The good news is that you can plan for these tax liabilities that come with backdoor Roths and Roth conversions when you meet with experienced financial advisors who can not only provide you with estimates of your potential tax savings and tax liabilities but also help to ensure that such action fits within your larger estate planning needs and goals.
About the Author: Lee F. Hediger is a co-founding director and chief compliance officer with Provenance Wealth Advisors (PWA), an Independent Registered Investment Advisor affiliated with Berkowitz Pollack Brant Advisors + CPAs, and a registered representative with Raymond James Financial Services. For more information, call (954) 712-8888 or email firstname.lastname@example.org.
Provenance Wealth Advisors, 515 E. Las Olas Blvd., Ft. Lauderdale, FL 33301 (954) 712-8888.
Lee F. Hediger is a registered representative of and offers securities through Raymond James Financial Services, Inc., Member FINRA/SIPC.
Raymond James is not affiliated with and does not endorse the opinions or services of Berkowitz Pollack Brant Advisors + CPAs. PWA is not a registered broker/dealer and is independent of Raymond James Financial Services. Investment Advisory Services offered through Raymond James Financial Services Advisors, Inc., and Provenance Wealth Advisors.
This material is being provided for information purposes only and is not a complete description, nor is it a recommendation. Any opinions are those of PWA and not necessarily those of Raymond James. You should discuss any tax or legal matters with the appropriate professional. Prior to making an investment decision, please consult with your financial advisor about your individual situation. The information has been obtained from sources considered to be reliable, but Raymond James does not guarantee that the foregoing material is accurate or complete. There is no guarantee that these statements, opinions or forecasts provided herein will prove to be correct. Investing involves risk and you may incur a profit or loss regardless of strategy selected. Investments mentioned may not be suitable for all investors.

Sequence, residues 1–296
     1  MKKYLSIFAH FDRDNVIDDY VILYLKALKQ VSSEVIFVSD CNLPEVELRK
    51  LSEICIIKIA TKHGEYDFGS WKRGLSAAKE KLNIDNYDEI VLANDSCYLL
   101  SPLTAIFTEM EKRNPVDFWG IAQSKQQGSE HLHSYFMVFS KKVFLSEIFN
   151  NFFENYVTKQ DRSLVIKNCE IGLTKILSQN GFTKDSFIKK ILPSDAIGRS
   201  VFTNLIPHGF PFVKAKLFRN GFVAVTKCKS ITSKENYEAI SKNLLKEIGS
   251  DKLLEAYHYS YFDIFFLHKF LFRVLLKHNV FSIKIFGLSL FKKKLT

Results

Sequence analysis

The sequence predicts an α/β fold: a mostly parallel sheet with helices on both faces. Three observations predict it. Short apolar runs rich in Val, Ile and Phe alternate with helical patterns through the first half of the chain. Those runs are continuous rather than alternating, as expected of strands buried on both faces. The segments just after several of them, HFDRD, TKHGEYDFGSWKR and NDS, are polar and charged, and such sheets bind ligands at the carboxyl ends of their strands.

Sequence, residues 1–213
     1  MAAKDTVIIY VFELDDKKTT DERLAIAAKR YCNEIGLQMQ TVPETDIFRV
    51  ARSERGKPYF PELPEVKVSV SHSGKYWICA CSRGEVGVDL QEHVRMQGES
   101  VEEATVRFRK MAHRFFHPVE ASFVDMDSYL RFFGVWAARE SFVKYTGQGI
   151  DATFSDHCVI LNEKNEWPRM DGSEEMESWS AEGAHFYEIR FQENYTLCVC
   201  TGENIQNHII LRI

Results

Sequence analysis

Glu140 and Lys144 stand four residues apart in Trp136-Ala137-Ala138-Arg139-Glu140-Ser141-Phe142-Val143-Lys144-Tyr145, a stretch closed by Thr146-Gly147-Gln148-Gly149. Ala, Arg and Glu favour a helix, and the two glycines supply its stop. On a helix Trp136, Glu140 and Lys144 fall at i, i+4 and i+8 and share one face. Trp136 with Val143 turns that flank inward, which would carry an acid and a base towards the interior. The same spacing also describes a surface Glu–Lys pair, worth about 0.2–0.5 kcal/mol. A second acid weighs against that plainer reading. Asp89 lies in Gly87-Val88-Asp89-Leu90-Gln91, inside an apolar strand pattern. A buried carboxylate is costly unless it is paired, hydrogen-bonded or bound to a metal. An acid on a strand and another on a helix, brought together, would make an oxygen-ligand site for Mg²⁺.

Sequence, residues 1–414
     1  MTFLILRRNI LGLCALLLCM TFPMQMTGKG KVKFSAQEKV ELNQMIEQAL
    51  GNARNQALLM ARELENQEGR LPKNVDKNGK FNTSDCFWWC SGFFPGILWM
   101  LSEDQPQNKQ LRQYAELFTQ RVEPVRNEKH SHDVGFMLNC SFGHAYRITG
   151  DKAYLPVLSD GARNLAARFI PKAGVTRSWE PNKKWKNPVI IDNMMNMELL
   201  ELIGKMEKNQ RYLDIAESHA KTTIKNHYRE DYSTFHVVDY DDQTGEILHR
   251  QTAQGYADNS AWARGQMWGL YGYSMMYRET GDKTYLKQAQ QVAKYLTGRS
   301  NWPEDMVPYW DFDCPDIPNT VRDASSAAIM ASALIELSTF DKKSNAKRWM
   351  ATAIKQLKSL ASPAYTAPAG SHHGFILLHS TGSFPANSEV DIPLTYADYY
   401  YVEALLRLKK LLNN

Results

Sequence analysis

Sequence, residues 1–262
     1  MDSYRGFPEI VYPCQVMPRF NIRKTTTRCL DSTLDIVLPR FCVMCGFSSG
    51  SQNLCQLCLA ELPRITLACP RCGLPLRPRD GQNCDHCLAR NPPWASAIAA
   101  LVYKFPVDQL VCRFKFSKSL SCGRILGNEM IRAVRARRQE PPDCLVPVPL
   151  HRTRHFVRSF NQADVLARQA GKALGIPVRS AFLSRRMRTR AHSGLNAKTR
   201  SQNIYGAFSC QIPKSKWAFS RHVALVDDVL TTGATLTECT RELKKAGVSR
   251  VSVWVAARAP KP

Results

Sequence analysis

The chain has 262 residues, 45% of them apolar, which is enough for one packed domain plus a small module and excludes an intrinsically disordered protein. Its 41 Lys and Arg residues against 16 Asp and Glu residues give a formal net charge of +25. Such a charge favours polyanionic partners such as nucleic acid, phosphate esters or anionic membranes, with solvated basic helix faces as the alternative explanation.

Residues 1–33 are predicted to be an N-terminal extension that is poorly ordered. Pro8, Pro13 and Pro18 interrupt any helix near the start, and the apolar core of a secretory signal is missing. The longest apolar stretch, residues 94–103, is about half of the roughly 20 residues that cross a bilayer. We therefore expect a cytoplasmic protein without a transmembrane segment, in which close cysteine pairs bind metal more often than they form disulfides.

Roth IRA owners must be 59½ or older and have held the IRA for five years before tax-free withdrawals are permitted. Additionally, each converted amount may be subject to its own five-year holding period. Converting a traditional IRA into a Roth IRA has tax implications. Investors should consult a tax advisor before deciding to do a conversion. Please note, changes in tax laws may occur at any time and could have a substantial impact on each person’s situation. While we are familiar with the tax provisions presented herein, as Financial Advisors of RJFS, we are not qualified to render advice on tax or legal matters. You should discuss tax or legal matters with the appropriate professional.
Posted on June 17, 2021